Monday, 8 February 2010

Random statue 3: St Anne of Branderion

Branderion, a Breton village, has as its protector Saint Anne. She even has a nickname here: Santez Anna Gouh, or St Anne the Elder. Apt, because Branderion's chapel is claimed to be the oldest dedicated to her, with remains dating back to the 9th century, although the present building is mostly from the 14th.

There are two statues of Saint Anne in the simple chapel. One is of stone, but this more striking one is painted wood. It's also notable that she has a strong, mature face, in contrast to the insipid features of many such statues (the stone one in the same chapel is a good example).

According to a notice alongside it, the statue was sculpted in the eighteenth century in accordance with a vow made by Compagnie des Indes sailors shortly after their arrival at Lorient. That would make sense since she is, among other things, patron saint of shipwrecks.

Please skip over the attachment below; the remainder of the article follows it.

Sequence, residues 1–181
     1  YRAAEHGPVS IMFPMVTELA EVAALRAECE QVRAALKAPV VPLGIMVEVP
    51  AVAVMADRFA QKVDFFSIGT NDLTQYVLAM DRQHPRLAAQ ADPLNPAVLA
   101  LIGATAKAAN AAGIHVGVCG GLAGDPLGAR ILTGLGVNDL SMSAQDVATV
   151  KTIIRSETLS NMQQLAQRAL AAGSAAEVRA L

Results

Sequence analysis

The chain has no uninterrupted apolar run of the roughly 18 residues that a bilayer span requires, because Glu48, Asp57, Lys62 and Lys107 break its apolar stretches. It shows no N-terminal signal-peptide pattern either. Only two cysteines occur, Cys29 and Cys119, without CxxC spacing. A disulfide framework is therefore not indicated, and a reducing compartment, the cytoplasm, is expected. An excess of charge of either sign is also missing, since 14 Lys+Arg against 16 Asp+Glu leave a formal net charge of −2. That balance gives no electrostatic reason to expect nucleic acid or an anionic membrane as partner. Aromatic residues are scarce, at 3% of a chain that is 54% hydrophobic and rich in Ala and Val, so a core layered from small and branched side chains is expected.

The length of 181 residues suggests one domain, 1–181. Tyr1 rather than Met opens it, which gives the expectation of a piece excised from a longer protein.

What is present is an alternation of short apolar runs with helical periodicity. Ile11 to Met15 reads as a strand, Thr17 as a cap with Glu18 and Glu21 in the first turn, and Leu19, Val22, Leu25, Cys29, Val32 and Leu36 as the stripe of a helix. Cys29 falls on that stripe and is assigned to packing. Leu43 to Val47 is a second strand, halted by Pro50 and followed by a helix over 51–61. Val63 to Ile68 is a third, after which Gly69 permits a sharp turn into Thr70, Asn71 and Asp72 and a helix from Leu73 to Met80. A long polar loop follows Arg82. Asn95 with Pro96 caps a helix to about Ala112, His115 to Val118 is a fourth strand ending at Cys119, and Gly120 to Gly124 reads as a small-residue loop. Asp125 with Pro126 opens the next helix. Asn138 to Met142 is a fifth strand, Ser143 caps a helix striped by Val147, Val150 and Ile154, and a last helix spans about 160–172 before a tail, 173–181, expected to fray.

St Anne - grandmother of Christ - has special significance for the Bretons, and is Brittany's patron saint. There are even legends suggesting (improbably!) that she was born in the region. In the seventeenth century, she famously appeared to the peasant Yves Nicolazic in a village since renamed Saint-Anne-d'Auray. He went on to dig up a statue of the saint, and a chapel was constructed on the site under his direction. Although Saint-Anne-d'Auray is not far from Branderion, and has somewhat overshadowed its own connections to the saint, the village must nonetheless be pleased to have the earlier claim.


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